The anatomic mechanism of penile erection was discovered in the 1980s by electron microscopy of corrosion penile casts made in the flaccid state and during erection (Fournier et al, 1987; Banya et al, 1989). In these models, the flaccid corpus cavernosum shows contracted sinusoids with constricted arteries and arterioles, and the draining venules form a plexus under the tunica albuginea. During erection, dilation of the arterial tree, expansion of the sinusoids, and compression of the subtunical and emissary veins are clearly seen. From these studies and observation of vasodilator-induced erections, it appears that the smooth muscles in the arterial tree and the trabeculae are the key to the erectile process.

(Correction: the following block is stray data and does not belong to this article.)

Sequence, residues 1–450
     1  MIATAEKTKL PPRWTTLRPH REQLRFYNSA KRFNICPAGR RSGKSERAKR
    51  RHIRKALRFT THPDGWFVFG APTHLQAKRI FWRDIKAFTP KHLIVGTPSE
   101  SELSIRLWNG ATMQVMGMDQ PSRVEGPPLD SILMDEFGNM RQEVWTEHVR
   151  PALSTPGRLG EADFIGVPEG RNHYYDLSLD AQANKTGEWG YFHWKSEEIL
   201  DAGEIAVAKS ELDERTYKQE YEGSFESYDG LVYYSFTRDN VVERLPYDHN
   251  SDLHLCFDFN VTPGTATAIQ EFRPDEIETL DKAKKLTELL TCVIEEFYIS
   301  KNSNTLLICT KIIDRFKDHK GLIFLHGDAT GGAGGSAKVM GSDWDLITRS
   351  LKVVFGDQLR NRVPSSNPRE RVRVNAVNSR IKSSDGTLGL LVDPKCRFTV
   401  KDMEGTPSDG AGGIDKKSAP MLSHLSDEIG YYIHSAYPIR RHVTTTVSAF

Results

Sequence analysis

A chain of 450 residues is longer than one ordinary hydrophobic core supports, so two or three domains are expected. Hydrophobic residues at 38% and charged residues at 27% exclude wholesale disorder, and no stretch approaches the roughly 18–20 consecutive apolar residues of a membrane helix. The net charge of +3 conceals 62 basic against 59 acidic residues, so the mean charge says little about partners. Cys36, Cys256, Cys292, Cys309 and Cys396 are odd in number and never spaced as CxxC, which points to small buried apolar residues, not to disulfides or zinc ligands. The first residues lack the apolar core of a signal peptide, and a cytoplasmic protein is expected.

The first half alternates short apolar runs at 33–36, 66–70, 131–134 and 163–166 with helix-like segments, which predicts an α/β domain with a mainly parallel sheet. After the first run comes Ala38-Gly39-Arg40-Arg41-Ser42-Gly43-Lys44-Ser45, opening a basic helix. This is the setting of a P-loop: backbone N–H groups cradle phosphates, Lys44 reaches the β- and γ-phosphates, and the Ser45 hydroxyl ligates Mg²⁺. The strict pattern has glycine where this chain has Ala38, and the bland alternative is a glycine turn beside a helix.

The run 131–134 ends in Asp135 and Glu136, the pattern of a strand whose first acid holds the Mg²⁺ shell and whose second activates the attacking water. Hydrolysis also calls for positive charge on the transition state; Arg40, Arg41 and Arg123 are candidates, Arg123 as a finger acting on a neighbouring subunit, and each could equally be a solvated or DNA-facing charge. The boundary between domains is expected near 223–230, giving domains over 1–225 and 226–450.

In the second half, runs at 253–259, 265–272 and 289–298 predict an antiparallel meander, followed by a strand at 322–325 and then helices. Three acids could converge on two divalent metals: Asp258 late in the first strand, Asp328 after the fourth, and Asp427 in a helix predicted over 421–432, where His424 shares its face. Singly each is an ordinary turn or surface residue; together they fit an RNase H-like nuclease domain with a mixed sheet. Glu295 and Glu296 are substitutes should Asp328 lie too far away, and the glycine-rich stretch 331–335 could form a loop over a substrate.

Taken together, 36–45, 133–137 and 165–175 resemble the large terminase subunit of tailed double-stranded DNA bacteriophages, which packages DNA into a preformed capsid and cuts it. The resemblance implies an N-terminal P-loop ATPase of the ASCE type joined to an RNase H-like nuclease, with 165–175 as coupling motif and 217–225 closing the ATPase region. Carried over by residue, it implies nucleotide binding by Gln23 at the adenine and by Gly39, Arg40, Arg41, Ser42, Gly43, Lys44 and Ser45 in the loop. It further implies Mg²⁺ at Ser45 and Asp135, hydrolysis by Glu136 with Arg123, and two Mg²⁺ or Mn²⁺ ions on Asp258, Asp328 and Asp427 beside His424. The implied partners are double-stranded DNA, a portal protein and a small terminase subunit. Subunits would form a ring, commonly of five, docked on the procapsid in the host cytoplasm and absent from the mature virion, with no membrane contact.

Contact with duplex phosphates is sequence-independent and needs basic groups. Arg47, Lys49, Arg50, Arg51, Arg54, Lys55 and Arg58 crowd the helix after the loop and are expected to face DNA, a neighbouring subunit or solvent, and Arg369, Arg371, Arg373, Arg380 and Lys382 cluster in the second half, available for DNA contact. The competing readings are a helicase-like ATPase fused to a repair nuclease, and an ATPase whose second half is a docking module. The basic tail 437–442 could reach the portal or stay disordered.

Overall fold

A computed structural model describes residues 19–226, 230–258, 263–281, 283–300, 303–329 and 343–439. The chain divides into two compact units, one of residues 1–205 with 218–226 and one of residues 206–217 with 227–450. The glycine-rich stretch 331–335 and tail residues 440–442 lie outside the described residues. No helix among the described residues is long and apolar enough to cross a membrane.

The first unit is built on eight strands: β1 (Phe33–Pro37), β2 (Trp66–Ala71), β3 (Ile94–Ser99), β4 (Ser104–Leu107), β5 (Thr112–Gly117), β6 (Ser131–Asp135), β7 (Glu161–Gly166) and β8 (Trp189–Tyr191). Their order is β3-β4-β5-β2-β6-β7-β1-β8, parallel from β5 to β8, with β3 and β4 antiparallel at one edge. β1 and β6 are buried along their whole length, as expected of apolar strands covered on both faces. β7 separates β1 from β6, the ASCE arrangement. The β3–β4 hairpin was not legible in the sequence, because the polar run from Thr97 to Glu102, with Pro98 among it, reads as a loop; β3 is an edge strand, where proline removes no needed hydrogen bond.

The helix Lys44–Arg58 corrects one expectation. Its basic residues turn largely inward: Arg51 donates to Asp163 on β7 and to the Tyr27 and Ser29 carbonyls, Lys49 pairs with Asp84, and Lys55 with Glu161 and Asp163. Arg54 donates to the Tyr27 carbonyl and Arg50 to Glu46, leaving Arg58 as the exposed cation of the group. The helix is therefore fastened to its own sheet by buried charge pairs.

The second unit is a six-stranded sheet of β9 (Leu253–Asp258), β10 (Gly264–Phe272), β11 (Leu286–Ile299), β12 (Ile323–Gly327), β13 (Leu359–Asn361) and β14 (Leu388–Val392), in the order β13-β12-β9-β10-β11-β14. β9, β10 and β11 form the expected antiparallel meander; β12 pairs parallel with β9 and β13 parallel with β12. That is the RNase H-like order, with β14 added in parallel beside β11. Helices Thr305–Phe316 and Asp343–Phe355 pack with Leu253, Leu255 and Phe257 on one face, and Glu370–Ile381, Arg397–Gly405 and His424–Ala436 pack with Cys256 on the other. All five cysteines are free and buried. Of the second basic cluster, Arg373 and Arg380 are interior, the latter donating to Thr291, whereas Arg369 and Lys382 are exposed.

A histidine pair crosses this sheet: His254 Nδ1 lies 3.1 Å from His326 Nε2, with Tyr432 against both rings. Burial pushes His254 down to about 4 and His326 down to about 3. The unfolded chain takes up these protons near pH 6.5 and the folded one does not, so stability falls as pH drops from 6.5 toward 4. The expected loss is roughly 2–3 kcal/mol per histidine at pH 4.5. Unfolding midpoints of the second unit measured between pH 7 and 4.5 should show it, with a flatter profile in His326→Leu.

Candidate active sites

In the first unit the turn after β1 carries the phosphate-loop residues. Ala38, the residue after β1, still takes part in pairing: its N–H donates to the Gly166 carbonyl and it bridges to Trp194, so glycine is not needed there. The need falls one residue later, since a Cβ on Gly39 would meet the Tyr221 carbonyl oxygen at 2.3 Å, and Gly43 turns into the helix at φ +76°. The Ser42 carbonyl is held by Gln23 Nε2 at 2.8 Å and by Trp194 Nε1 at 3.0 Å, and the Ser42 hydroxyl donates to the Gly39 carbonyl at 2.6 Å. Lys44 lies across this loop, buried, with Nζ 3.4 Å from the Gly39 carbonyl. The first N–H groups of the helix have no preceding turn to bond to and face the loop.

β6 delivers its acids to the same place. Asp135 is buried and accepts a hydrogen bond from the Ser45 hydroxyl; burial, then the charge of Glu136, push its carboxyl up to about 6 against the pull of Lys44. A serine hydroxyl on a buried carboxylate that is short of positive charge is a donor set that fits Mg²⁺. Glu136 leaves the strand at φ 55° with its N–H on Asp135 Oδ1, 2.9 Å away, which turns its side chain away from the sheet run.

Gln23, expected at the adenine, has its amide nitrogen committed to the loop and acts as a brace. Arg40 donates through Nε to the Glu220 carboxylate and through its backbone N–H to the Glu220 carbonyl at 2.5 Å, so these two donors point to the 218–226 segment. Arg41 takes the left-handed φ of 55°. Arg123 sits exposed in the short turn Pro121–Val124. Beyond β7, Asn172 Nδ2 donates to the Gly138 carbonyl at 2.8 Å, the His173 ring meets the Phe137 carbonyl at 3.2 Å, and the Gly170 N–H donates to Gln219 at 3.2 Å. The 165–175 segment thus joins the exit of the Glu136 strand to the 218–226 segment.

The intrinsic smooth-muscle tone and, possibly, the adrenergic tonic discharge maintain contraction of the smooth muscles and the arterioles in the flaccid state. When the smooth muscles relax owing to release of neurotransmitters, the resistance to incoming flow drops to a minimum. This allows arterial and arteriolar vasodilatation and expansion of the sinusoids to receive a large increase of flow. Trapping of blood causes the penis to lengthen and widen rapidly until the capacity of the tunica albuginea is reached. Meanwhile, expansion of the sinusoidal walls against one another and against the tunica albuginea results in compression of the subtunical venular plexus. Meanwhile, uneven stretching of the layers of the tunica albuginea also compresses the emissary veins and effectively reduces the venous flow to a minimum (Lue, 2000;
Figure 37-3A and B).
Revision date: July 4, 2011
Last revised: by Andrew G. Epstein, M.D.